I’d never heard of dampfnudel before they appeared as the technical challenge on the Great British Bake Off bread week. Even the ones Paul Hollywood produced looked insipid. I only decided to try them because he promised the taste of an iced bun.
I didn’t have very high hopes that my dampfnudel would work. I’ve tried iced buns and no end of sweet doughy stuff and none of it ever seems to turn out very well. On top of this, the Great British Bake Off website says that they are, “incredibly difficult to bake.” What had I let myself in for?
I have to admit that I did cheat a bit. First, I didn’t knead by hand. Everything went into the KitchenAid, and the dough hook did all the work. Second, I used a lot more time than would have been available to the brave Bake Off contestants. I have absolutely no idea how they make anything in the time they’re given. Third and fourth, I didn’t make the fruit sauce or the custard. I still had some jam left over from the Viennese whirls. That would have to do.
I put strong white flour into a bowl and added caster sugar to one side and instant yeast to the other. I added milk, eggs and butter and stirred until the mixture came together. The recipe says you should do this with your fingers. I used a spoon. I kneaded it in the KitchenAid for about eight minutes. The dough is supposed to have a soft, smooth skin when its had enough kneading. I’m not exactly sure what a soft, smooth skin looks like on dough, but my mixture did seem pretty smooth, so I left it at eight minutes. I added lemon zest and gave the dough a few more turns in the KitchenAid. I put the mixture into a bowl, covered it with cling film and left it to prove. The recipe says for about an hour, or until doubled in size. My dough was nowhere near doubled in size in an hour. In fact, by the time it had (at least two hours later), I had to go and pick Matthew up from school, so my dough doubled in size, then had another couple of hours before I could go back to it. Would it be overproved? Would anybody notice?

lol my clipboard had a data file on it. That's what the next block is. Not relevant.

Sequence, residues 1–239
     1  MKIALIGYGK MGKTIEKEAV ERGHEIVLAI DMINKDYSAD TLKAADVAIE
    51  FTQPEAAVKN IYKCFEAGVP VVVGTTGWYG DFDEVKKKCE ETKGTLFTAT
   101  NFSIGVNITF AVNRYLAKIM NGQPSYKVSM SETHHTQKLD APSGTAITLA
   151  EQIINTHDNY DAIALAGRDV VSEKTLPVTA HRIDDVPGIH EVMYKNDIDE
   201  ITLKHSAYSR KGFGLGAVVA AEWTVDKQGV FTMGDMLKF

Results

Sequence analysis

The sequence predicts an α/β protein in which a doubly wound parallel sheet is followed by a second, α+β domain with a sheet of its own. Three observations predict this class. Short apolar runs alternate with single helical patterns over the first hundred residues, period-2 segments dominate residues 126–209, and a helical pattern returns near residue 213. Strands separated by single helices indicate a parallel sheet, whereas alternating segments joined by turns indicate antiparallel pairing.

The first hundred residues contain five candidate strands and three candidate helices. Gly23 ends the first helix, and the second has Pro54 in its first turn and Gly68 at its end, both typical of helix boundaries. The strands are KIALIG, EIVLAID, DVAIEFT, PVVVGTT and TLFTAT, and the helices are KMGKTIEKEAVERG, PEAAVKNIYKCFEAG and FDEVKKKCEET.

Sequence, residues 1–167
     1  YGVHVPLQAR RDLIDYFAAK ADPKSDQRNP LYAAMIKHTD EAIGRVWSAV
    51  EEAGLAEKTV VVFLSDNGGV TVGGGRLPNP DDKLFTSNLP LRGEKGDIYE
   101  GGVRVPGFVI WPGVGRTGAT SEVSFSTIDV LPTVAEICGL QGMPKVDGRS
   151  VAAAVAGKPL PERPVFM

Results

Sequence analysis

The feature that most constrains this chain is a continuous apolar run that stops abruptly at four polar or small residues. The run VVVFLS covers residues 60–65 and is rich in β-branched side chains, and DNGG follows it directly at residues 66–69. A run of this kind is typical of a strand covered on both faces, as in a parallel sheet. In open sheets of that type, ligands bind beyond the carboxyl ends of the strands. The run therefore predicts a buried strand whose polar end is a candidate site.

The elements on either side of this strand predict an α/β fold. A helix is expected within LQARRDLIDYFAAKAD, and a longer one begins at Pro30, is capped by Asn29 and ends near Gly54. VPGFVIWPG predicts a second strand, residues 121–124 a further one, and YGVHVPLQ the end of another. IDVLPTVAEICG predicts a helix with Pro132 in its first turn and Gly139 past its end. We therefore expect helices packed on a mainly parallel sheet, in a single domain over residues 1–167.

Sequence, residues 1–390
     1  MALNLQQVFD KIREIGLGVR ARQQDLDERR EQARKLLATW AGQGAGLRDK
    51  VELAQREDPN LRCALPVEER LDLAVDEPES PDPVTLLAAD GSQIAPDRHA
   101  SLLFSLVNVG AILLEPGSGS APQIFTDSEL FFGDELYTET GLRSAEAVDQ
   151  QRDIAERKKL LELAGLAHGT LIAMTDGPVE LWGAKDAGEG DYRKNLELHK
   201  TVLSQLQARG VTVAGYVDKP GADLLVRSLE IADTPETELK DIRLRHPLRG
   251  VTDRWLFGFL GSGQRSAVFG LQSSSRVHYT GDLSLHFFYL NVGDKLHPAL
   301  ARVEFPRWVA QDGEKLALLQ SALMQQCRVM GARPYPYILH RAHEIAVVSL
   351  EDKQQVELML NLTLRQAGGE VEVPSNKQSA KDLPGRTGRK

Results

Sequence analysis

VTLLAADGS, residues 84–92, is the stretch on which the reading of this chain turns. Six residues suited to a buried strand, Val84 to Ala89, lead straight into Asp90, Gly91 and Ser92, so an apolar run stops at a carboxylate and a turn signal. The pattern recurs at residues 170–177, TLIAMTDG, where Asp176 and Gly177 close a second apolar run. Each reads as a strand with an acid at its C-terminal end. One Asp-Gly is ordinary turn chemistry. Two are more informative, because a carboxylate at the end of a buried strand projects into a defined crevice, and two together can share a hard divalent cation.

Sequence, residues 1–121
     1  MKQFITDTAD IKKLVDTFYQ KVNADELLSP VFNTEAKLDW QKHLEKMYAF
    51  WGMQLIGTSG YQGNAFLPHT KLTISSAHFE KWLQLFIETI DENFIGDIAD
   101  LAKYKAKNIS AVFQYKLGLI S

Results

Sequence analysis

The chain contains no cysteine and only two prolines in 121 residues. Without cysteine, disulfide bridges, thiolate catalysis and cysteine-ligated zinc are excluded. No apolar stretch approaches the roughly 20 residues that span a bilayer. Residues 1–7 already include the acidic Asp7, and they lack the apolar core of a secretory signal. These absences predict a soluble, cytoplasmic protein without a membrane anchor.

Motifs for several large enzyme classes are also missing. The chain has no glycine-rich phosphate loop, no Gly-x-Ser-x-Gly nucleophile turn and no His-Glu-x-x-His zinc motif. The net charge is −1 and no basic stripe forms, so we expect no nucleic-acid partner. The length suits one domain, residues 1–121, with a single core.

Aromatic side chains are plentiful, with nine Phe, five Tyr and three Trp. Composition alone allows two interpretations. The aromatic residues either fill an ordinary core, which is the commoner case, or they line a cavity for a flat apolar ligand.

When I returned to the dough, I knocked the air out, carefully divided it into twelve equal pieces and rolled them into balls. They were a bit on the “informal” side, as Mary Berry would say, but they’d have to do.
I made the poaching liquid (butter, milk and sugar, heated until the sugar has dissolved) in a pan, put the buns in and left them for fifteen minutes. The recipe doesn’t say whether the lid of the pan should be on at this stage. I put it on on the basis that, when you’re leaving something to prove, you do usually cover it up. My buns expanded nicely in the fifteen minutes proving time, and, I’m pleased to say, retained a lot of their informal charm.
I put the pan over a medium heat on the hob (we have an induction hob and I put it at level four – that seems like medium to me, although I’m never sure). I gave them the full thirty minutes as per the recipe, and then a further eight without the lid. They turned out looking like this.
They weren’t particularly photogenic, but they did have the required caramelised bottom that you can’t really see on the picture, and they tasted really good. I was very pleasantly surprised. They were like teacakes (the afternoon tea type, not Tunnock’s) and were lovely with the Viennese whirl raspberry jam. They may look like a very poor, anaemic cousin of the iced bun, but, compared to all the other disasters I’ve had with sweetened dough, taste and texture-wise they stand out a mile. I may even try them again one day.